An ingenious new case aims to protect your smartphone without adding bulk to it, by deploying a sort of a mobile airbag when necessary.
Smartphones have come a long way and they can do all sorts of things besides just calling and texting, but all of those advanced features come at a price. Flagship smartphones cost a small fortune and in case of damage, the repairs can be quite expensive as well.
For this reason, many choose to buy protective cases that shield the device from accidental drops or bumps. However, such cases typically make the smartphone thicker and bulkier - the tougher the case, the bulkier it gets.
Active Smartphone Case: The Mobile Airbag
A new smartphone case aims to change all that, combining aesthetics with ruggedness for the best of both worlds. It's the creation of a German engineering student named Philip Frenzel, from Aalen University. The German Society for Mechatronics gave Frenzel the top award for his innovative case.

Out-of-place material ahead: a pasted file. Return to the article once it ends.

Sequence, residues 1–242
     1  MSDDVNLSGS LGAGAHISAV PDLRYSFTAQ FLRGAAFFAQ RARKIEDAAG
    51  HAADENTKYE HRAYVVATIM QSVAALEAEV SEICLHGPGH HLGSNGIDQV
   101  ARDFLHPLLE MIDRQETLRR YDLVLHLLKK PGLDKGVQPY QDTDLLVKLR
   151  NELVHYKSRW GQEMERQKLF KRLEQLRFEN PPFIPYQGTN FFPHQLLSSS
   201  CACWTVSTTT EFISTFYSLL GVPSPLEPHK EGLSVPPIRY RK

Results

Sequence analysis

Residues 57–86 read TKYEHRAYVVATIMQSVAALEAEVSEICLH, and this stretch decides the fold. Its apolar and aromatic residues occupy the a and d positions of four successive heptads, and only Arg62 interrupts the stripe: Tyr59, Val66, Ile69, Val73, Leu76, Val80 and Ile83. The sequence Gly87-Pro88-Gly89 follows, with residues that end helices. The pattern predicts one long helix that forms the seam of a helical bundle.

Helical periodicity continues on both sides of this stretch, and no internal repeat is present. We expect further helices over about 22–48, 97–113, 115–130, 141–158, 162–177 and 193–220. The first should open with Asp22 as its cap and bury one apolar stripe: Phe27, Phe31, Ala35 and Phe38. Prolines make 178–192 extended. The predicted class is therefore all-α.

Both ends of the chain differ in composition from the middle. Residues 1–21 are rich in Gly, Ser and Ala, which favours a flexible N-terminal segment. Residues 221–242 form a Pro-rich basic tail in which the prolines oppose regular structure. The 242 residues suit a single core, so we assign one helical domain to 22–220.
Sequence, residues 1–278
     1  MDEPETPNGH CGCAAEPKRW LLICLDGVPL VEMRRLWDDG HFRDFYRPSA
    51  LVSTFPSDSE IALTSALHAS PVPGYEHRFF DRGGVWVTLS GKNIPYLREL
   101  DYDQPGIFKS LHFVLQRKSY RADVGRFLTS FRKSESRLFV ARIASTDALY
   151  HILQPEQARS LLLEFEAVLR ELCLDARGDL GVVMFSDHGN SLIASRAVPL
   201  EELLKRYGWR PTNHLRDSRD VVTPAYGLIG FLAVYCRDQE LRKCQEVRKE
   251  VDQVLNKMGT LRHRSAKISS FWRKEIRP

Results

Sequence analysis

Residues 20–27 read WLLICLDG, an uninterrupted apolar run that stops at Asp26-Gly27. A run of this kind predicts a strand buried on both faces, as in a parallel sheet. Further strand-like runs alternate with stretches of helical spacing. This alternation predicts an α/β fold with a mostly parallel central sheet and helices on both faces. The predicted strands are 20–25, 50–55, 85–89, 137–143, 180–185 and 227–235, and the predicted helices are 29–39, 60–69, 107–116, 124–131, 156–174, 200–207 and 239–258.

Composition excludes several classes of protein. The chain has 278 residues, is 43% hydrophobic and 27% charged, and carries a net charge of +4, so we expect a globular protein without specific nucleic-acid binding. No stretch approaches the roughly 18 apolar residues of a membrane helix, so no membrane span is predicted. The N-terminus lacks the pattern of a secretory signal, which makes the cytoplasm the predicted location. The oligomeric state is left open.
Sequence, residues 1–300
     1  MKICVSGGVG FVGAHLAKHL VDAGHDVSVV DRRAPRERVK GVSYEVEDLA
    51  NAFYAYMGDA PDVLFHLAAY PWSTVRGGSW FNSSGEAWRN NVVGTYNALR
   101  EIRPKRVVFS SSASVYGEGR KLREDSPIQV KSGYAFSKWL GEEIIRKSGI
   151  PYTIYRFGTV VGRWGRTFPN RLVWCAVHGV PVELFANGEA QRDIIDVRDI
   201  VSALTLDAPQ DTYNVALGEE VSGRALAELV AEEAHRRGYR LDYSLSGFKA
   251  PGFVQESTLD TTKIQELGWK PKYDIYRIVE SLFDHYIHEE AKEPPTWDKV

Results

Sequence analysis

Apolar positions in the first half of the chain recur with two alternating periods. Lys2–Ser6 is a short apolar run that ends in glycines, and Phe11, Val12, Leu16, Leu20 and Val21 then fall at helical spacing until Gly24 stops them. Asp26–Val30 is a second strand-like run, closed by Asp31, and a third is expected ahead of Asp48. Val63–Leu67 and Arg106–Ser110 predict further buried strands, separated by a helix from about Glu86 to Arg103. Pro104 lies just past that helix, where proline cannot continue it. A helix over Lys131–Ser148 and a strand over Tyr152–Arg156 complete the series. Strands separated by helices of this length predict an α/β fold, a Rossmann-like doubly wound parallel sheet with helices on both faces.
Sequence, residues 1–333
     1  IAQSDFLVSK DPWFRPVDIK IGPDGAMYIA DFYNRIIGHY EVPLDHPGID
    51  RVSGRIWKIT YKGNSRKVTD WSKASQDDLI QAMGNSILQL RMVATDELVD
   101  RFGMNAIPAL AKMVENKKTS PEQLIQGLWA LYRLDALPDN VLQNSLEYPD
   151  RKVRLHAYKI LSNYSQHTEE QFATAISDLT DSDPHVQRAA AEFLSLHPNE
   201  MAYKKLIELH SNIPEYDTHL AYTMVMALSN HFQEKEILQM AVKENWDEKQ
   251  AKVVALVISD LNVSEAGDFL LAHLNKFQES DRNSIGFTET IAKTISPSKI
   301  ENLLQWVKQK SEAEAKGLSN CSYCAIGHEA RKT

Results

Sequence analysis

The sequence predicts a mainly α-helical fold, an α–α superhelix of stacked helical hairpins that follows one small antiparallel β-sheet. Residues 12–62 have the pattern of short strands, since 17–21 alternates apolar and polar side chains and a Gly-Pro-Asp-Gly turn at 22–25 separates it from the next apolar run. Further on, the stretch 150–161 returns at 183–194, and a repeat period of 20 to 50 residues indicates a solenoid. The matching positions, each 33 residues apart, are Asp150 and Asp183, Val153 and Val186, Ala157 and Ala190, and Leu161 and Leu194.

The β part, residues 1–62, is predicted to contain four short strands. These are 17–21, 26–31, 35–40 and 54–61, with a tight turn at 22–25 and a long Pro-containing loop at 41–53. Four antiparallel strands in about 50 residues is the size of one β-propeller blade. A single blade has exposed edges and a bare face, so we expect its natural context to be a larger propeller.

Rather than padding the phone with a bulky suit, this case simply transforms only when necessary. If the phone's not in danger, the case will not compromise its aesthetics.
How It Works
This smart case is equipped with sensors that detect when the phone is free falling and trigger a protection mechanism. More specifically, the case has springs on all four corners, with eight metal curls that will stop the phone from hitting the ground.
These fins lie inside the case when the smartphone is safe, but when it's free falling they spring and curl up to protect all edges of the device. The curled-up fins absorb the shock and significantly soften the blow when dropping the device.
When it's over, you can just fold the springs back into the case, where they will stay neatly folded until the next accident. Hopefully, the sensors are fine-tuned enough as not to deploy when the phone is in a pocket or a backpack, even if the person is running or making sudden movements.
Not For Sale Yet
On the downside, this innovative case is not ready to hit the market just yet. Its inventor has applied for a patent, so pending its award, it remains in the concept stage for now. Afterward, we might see the active damping case on a crowdfunding website such as Kickstarter or Indiegogo, to raise funds for mass production.
Would you back such a project? If so, how much would you be willing to pay for it? Let us know in the comments section below.